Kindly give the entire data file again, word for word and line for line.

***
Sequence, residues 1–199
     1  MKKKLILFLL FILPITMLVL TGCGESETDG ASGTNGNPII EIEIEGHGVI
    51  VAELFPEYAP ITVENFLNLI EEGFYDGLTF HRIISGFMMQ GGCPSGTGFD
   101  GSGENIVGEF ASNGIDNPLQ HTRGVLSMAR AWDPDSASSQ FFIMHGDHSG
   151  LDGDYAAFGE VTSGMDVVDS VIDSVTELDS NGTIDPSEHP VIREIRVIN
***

Sequence, residues 1–199
     1  MKKKLILFLL FILPITMLVL TGCGESETDG ASGTNGNPII EIEIEGHGVI
    51  VAELFPEYAP ITVENFLNLI EEGFYDGLTF HRIISGFMMQ GGCPSGTGFD
   101  GSGENIVGEF ASNGIDNPLQ HTRGVLSMAR AWDPDSASSQ FFIMHGDHSG
   151  LDGDYAAFGE VTSGMDVVDS VIDSVTELDS NGTIDPSEHP VIREIRVIN